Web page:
You can install the Nest application on your phone and control your home environment remotely. So, say, if you want to start cooling down your house fifteen minutes before you arrive home, you can send a message to the Nest. That’s handy if you are coming home earlier than planned on a hot summer day in Phoenix, for example.
Since designing its thermostat, Nest, which operates as an autonomous unit inside Google, has released a smoke detector and a video camera to monitor for intruders or behavior of pets (and perhaps children or teenagers?). It will probably release many new products, all controllable from the Nest application.
Technology companies say they will use the Internet of Things in the same way: to reduce our energy usage, improve our health, make us more secure, and nudge us toward better lifestyles. Of course, the IoT, they say, will save us money too. The ability to collect such data will have a profound effect on the economy. The McKinsey Global Institute, in a report titled The Internet of Things: Mapping the Value beyond the Hype, says that the economic impact of the Internet of Things could be $3.9 to $11.1 trillion per year by 2025: up to 11 percent of the global economy.
Much of the value of the IoT is hard for us to comprehend, because it will be machines talking to other machines to enable different A.I. systems to work together and make better decisions. By monitoring machines on the factory floor, the progress of ships at sea, and traffic patterns in cities, the IoT will reach far beyond our homes and create value through productivity improvements, time savings, and improvements in asset utilization. The 200-mile-per-hour ride in a Google car will be controlled by a transportation subset of the Internet of Things, a web of sensors on the roadways and embedded in the vehicles that will allow them to speak the same language.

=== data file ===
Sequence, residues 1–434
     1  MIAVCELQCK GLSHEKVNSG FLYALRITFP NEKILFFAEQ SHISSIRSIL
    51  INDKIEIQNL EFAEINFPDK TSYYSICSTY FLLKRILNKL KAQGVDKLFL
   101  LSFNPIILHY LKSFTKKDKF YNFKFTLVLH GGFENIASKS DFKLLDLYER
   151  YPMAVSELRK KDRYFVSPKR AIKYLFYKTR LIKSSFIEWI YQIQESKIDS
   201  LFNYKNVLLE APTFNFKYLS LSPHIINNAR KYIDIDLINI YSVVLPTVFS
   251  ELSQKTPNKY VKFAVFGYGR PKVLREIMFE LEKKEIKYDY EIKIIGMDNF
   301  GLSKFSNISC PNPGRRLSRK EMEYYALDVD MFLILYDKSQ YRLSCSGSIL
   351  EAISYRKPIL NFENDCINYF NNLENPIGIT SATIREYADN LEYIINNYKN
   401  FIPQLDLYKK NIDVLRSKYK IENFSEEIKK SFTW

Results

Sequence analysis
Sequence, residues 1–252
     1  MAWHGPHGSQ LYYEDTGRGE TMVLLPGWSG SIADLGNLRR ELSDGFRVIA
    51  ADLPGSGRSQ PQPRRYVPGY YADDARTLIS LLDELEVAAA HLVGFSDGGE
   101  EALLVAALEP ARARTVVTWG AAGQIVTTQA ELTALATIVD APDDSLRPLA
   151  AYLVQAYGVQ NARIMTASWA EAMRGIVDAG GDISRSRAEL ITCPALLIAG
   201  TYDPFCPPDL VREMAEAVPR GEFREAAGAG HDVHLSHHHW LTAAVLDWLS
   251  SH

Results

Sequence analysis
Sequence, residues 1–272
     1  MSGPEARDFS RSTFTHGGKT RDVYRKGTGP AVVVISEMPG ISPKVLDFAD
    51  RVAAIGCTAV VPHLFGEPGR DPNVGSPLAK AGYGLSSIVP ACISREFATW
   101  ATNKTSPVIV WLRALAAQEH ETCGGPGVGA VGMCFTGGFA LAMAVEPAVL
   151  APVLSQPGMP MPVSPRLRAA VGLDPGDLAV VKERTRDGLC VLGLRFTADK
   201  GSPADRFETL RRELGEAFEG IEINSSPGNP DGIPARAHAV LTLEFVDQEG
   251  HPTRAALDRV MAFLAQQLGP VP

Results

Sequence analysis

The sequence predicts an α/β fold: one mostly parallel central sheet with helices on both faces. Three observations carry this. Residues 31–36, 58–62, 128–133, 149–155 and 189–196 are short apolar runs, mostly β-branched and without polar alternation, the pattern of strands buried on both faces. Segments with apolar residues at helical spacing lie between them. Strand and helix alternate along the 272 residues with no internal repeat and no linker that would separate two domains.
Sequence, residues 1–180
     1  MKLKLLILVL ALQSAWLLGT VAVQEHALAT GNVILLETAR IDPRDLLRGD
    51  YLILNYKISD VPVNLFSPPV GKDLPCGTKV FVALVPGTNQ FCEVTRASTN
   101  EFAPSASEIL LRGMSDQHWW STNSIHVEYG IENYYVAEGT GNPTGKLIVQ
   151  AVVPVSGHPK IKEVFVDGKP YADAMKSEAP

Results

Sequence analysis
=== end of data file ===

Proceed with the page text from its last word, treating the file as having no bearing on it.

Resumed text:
The McKinsey report also assigns value to the IoT by including the economic impact of reductions in disease, accidents, and deaths. Those are real economic benefits even if they are hard to calculate today, with few of those systems in place. McKinsey believes that the IoT will monitor and help manage a huge swath of activity on Earth: the natural world, people, and animals.
The Internet of Things should not only change our interactions with devices and improve their efficiencies but also create entirely new ways of understanding the global economic engine. Turning electronic products into software-controlled machines enables continuous improvements both to the machines and to the business models for using them. The constant improvement in features that we see in our smartphones will become common on our other devices.
Everything will be connected, including cars, street lighting, jet engines, medical scanners, and household appliances. Rather than throw appliances away when a new model comes out, we will just download new features. That is how Tesla is enhancing the self-driving features in its cars: learning and then sending software updates every few weeks. Through the software of the Internet of Things, everything will drive itself, upgrade itself, turn itself on and off at the right time, and know when it is about to break down.